The new iPhone 12 range doesn’t have a sweet-spot

Chris Davies - Oct 14, 2020, 10:52am CDT
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The new iPhone 12 range doesn’t have a sweet-spot

Yesterday, Apple announced four new iPhone 12 models, in the process taking its line-up of handsets in 2020 to seven. That’s before you consider the different colors and storage variations of the iPhone 12 mini, iPhone 12, iPhone 12 Pro, and iPhone 12 Pro Max. If you’re trying to figure out which is the “best” new iPhone 12 to buy, then, you’d be forgiven for feeling confused.

There are some consistencies, and some fundamental differences. Every iPhone 12 model uses the same Apple A14 Bionic chipset, has an OLED screen, and supports 5G – with versions sold in the US all having 5G mmWave support, too, contrary to some of the earlier rumors.

They all have a regular and a wide-angle camera, run the same software, and support Apple’s new headline features like the MagSafe for iPhone wireless charging and accessories. Factor in the existing iPhone SE, the iPhone XR, and the iPhone 11 – all of which are sticking around alongside the new iPhone 12 line-up – and you’re looking at pricing that starts at just $399 before spiraling up to a heady $1,399.

It’s the broadest range of newly-available iPhone we’ve seen from Apple so far, and perhaps unsurprisingly there’s been some consternation that making a decision could be tricky for consumers. The iPhone 12 Pro and iPhone 12 Pro Max, for example, both have three main cameras: normal, ultra-wide, and telephoto. However those cameras aren’t the same three cameras on both phones: the iPhone 12 Pro Max has a 5x optical zoom, for example, while the iPhone 12 Pro tops out at 4x.

Generally, we – both as humans and, more specifically, as people-writing-about-tech – like there to be a “natural choice” in situations like this. When Samsung’s Galaxy S20 family launched earlier in the year, for instance, mainstream opinion quickly settled on the Galaxy S20 Ultra being too big and too expensive, and the Galaxy S20 being too small and too compromised. That left the Galaxy S20+ in the coveted Goldilocks spot.

It’s not just phones, either. When the reviews for Microsoft’s new Surface Laptop Go dropped earlier this week, the broad consensus was that the cheapest, entry-level configuration sacrificed too much power, while the high-spec version was too expensive. The mid-tier configuration, reviewers generally agreed, struck the best compromise of performance and value.

Part of that desire for a natural frontrunner among reviewers, I suspect, is because when people ask for recommendations they really want to be told a single answer, not shown an “it depends” flow-chart. For buyers, meanwhile, there’s an obvious hope that they’ve made the “best” choice with their hard-earned cash (or in return for a 24+ month commitment to a carrier plan).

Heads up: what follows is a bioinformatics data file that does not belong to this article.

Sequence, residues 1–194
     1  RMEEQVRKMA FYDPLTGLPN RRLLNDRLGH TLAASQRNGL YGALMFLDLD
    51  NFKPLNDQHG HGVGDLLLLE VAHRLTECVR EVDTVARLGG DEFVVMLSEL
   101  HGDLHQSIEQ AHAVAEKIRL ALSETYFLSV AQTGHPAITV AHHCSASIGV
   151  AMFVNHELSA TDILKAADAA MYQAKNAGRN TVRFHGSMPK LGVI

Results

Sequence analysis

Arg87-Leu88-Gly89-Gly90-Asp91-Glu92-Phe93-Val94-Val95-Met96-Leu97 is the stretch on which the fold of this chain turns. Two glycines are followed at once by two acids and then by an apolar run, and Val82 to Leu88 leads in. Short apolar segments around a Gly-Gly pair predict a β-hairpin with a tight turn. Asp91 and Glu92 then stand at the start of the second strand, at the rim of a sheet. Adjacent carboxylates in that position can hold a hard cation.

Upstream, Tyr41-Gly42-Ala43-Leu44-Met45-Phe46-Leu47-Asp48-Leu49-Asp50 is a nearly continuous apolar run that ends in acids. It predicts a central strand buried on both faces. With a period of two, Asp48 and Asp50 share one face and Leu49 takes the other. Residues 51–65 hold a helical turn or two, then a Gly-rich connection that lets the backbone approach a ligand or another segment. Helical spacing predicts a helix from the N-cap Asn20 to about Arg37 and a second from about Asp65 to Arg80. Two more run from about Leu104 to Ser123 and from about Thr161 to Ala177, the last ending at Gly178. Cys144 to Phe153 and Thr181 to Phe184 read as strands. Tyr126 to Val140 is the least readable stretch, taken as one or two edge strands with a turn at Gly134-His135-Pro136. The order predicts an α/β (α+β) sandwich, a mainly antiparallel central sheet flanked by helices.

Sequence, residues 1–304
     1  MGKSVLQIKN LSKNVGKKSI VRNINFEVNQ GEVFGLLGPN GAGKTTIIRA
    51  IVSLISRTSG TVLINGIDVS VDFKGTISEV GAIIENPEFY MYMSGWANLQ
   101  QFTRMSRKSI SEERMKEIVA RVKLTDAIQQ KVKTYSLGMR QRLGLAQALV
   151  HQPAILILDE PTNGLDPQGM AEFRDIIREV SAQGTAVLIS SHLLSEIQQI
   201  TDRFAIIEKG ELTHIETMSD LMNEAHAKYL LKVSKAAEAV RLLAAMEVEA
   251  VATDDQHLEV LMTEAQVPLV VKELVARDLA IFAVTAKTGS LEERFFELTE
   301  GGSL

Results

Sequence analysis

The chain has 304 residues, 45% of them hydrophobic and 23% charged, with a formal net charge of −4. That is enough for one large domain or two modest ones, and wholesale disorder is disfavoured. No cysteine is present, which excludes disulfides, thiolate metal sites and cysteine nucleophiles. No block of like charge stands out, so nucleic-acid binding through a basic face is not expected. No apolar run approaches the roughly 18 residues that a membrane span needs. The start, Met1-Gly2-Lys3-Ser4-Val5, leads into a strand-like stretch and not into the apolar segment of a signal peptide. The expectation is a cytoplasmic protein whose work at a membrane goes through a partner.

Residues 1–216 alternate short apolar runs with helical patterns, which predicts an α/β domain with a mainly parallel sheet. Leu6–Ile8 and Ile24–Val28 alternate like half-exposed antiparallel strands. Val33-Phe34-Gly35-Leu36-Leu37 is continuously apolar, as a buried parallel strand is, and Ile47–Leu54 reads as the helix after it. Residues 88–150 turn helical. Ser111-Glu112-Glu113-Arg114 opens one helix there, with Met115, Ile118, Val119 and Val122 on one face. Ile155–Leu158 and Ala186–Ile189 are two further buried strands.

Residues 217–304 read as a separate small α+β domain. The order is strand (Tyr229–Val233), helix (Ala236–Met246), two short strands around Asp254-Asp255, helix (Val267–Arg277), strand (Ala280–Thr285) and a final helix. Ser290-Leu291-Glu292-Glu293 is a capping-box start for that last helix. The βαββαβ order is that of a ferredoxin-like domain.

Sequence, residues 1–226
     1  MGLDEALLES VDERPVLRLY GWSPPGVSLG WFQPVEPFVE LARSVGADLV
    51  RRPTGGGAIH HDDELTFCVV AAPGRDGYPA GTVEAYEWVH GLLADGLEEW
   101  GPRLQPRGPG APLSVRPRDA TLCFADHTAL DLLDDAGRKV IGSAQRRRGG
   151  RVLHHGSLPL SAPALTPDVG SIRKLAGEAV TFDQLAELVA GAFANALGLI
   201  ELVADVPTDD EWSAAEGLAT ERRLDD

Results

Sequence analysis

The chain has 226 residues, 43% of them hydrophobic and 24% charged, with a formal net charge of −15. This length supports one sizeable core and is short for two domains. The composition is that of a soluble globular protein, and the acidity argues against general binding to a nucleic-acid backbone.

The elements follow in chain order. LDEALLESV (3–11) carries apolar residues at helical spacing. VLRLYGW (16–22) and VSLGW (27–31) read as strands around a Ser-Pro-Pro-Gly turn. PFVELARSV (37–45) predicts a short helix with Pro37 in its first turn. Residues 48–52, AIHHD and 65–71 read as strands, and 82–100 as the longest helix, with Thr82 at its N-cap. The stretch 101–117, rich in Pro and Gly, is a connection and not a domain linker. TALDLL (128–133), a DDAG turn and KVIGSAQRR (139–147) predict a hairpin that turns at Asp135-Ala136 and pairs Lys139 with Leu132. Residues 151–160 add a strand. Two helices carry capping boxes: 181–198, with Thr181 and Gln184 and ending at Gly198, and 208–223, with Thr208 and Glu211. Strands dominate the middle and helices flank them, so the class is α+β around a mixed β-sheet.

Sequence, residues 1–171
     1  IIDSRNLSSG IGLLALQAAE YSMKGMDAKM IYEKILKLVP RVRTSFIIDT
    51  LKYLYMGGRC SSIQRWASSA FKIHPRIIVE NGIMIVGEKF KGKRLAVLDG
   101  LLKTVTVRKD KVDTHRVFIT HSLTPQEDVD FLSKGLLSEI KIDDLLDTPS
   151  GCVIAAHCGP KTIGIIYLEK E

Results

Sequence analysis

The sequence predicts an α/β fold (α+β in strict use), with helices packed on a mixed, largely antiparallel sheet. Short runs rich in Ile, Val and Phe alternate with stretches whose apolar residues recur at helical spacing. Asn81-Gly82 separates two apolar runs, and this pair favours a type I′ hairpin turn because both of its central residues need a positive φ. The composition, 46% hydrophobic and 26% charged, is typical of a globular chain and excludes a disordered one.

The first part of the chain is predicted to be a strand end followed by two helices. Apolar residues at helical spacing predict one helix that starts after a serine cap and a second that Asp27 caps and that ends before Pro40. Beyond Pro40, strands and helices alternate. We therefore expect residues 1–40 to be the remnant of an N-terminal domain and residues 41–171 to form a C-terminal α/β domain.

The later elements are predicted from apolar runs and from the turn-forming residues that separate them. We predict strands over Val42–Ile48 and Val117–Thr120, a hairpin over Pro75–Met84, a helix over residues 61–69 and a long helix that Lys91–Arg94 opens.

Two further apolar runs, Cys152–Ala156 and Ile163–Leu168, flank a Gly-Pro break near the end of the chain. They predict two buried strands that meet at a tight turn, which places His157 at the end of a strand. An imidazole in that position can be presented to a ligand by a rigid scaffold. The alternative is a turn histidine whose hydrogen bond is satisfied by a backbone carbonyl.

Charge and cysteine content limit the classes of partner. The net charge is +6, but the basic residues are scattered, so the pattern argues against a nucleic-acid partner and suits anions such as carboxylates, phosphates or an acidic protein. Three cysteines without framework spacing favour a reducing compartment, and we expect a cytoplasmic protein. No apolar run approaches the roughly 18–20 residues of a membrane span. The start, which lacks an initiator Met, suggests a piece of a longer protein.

In reality, expecting one device to fit the majority of people is pretty short-sighted. Budget is the easiest factor, though I’d argue that when amortized over the 2-3 years most people keep their phone, a hundred dollars or so here or there at the point of sale doesn’t actually make much difference.

What does are things like how big your hands are. Whether you want to replace a tablet with your smartphone, or have something small enough to squeeze into a tiny purse, or a front jeans pocket, or just to dissuade you from doom-scrolling because you think your cellphone should be a cellphone and not constantly in your hand, 24/7. Maybe you’re a gamer, or a game-streamer, or a would-be photography pro, or an actual photography pro. The idea that one or two phones could encompass all of the variations in phone-users out there, well, that seems fairly silly.

Like a fair number of people, I’m excited to see not only smaller new iPhone models, but ones which don’t sacrifice specifications in order to allow a diminutive form-factor. Unlike the old “Mini” versions of Android phones that Samsung, HTC, and others have tried in years gone by, the iPhone 12 mini doesn’t suffer the indignity of a lesser processor, reduced display quality, or other absent features. Instead there’s seemingly a long-overdue recognition that smaller doesn’t automatically have to mean lesser.

For a long time, it has felt like we’ve been on a treadmill of smartphone design. Bigger phones, bigger screens, and their inherent bigness signifies that they’re better. One size, though, doesn’t fit all.

If you’re picking a new iPhone 12 to buy, then inevitably there will be compromises to accept. The largest iPhone 12 Pro Max does have the most capable array of cameras: the sheer space Apple has to work with makes that possible. The smallest iPhone 12 mini will be the most affordable. Your hand, purse, and ambitions are all going to have to talk through what the best decision might be for you.

That’s a harder process than in previous years, where the must-have iPhone was a more clean cut decision. All the same, when you consider how long you’re going to spend with your new smartphone, putting in a little extra time to do the research and make those decisions – or even make a conscious choice to step off 2020’s cycle altogether – seems like it would be effort well spent. There may not be a sweet-spot, but that just makes a sweeter deal for more people.

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